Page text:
Attention-seeking behaviors that selective ignoring may be appropriate include: whining, complaining, inappropriate language, interrupting, irritating noises, name calling, talking back or sassy talking. For all of these, it is important that the function of the behavior is to gain attention and it is important that you are also working on teaching and rewarding the appropriate thing you would like them to do instead (i.e., how to communicate their frustration in an appropriate way).
Don’t use selective ignoring for behaviors that could be dangerous to the child or someone else.
How does it work?
- Ensure that you are having plenty of positive time with your children. Invest your time in proactive parenting strategies to prevent challenging behaviors.
- Initially explain to your child that when they do XYZ, you will ignore it but when they do ZYX, you will respond. E.g., when you whine for a snack I will ignore it but when you ask with a nice voice I will respond.
- When they do engage in the specific behavior ignore – don’t intervene, be non-reactive, minimize interactions.
- Give yourself a different task to help you effectively ignore: read a book, watch a movie, do a task, practice mindfulness, notice 5 things around you, count your breaths.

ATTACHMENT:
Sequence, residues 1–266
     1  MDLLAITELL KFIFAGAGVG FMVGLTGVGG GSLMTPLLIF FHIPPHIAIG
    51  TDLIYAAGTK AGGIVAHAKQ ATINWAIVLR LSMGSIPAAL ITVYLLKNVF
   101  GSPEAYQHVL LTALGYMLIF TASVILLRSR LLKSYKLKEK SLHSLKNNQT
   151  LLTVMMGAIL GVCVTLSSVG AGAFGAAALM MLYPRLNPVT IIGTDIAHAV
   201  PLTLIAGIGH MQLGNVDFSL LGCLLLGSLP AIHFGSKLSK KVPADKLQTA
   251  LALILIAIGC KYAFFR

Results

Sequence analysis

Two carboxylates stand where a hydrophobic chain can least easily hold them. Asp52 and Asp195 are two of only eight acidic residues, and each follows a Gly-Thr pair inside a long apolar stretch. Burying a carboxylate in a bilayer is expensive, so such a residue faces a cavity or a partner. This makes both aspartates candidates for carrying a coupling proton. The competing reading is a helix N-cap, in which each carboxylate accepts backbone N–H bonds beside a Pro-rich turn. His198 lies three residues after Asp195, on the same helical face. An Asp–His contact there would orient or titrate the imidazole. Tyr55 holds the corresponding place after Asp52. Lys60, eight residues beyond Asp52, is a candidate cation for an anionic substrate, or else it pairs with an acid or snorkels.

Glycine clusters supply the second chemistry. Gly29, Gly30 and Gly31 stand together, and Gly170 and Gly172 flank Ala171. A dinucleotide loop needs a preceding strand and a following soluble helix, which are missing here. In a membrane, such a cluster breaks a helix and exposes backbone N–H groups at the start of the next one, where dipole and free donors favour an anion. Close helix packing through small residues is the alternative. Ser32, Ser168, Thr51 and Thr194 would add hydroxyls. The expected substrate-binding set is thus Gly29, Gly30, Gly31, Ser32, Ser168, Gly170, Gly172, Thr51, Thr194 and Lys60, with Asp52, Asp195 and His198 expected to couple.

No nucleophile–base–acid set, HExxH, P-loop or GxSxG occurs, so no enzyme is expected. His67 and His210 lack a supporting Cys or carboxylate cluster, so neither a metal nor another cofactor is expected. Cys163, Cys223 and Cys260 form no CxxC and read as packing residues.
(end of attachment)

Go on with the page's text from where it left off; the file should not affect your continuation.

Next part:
- Ignore until the behavior stops. Re-engage when the behavior stops.
- Praise and reward the positive behaviors you want to see.
- Be consistent and encourage all caregivers to be consistent.
Things to remember
Selective ignoring can be very difficult because it requires consistency from everyone in the environment and reliance on knowing the function of the behavior (attention). If you don’t think you can be consistent to ignore a particular behavior then it might be better to try something different because consistency is very important with this approach.
The other thing that is difficult about this approach is that it doesn’t always feel natural. You have to resist your instinctual response to react. As a parent, this requires a certain level of self-awareness to observe your own patterns of behavior and resist the urge to react.
You also have to be prepared for the chances of a temporary increase in the behavior you are ignoring. This is called an extinction burst; when you start ignoring a behavior, a child might work even harder to get a reaction from you before giving up and stopping. If you see an increase in the behavior, it’s a sign that it’s probably working and the behavior will decrease soon.
Behavior is very complex and not always easy to understand. It’s very common for parents to struggle with knowing when to intervene and when to ignore certain behaviors. This is when data comes in very handy! Behavior Analysts do their best to understand and predict behavior patterns but what they ultimately rely on is data. Behavior data gives us a way to select a particular approach that will be the most appropriate for the individual client as well as a way to monitor progress and make changes as necessary.